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LESSONS IN LOGIC: The Libertarian Ideal Is Founded On A Fallacious Assumption

OK, if you have been reading my work for any length of time, you have probably run across at least one of my posts objecting to the Libertarian ideal.  Now, I am under no delusions here; I know that I have little chance of getting a dedicated Libertarian to change their world view.  I don’t write to or for those people; I write against the Libertarian ideal for the benefit of those who I might still be able to convince.  It is not that I think there is anything inherently evil about the people who adhere to the principles of Libertarianism.  Quite the contrary: I believe many of them are sincerely seeking to live their lives freely and in peace with others.  It’s just that I see a flaw in the foundation of Libertarianism.  The whole ideology is based on a fallacious assumption which is, in reality, is the same self-deception at the heart of original sin.  I’m just trying to help others see and understand that this self-deception undermines the rest of the philosophical foundation upon which the Libertarian ideal is built.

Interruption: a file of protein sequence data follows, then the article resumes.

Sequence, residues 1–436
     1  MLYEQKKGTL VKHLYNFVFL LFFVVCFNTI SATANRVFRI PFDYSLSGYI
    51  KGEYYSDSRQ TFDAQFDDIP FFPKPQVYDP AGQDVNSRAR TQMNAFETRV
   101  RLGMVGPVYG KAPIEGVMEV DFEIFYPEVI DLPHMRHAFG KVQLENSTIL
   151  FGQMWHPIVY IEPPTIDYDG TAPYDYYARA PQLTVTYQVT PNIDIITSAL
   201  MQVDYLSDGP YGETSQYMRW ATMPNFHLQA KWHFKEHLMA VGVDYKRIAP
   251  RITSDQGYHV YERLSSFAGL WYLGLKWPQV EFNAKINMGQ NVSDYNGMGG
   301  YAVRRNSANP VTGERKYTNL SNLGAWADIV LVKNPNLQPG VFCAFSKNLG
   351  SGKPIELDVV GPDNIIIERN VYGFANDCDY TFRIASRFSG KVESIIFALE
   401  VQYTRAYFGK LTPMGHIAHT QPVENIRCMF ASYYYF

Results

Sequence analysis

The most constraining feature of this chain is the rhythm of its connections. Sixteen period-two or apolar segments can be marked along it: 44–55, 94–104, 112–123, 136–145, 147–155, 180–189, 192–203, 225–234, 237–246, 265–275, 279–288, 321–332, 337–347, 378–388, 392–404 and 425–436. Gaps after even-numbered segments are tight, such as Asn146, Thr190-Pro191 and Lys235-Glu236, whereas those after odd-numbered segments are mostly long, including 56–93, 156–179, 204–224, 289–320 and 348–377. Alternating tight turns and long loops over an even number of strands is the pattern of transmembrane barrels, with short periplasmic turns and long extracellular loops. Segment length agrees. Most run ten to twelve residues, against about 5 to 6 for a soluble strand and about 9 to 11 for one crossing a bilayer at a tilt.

Liberty depends on morality.  I doubt I will find many ‘disciplined’ Libertarians who will disagree with this assertion.  For a person to be self-governing there must be some idea as to what is right and what is wrong.  It is this ideal of right and wrong that then allows the individual to be self-governing.  So long as the individual controls his/her own actions according to this ideal, the individual has little use or need of government because they encounter little or no conflict with other individuals.  And, when they do, they can usually resolve that conflict between themselves.  In fact, it was the self-governing Christian that built this nation.  The principles and ideals written into our Declaration of Independence can trace a direct lineage to the example set by the self-governing Christian, as evidenced in the model of the early Pilgrim and Puritan settlements in Colonial America (among others).  In fact, our foundering fathers said exactly this.  So, one of the fundamental principles of liberty is that there must be a sense of morality at the center of any self-governing societies.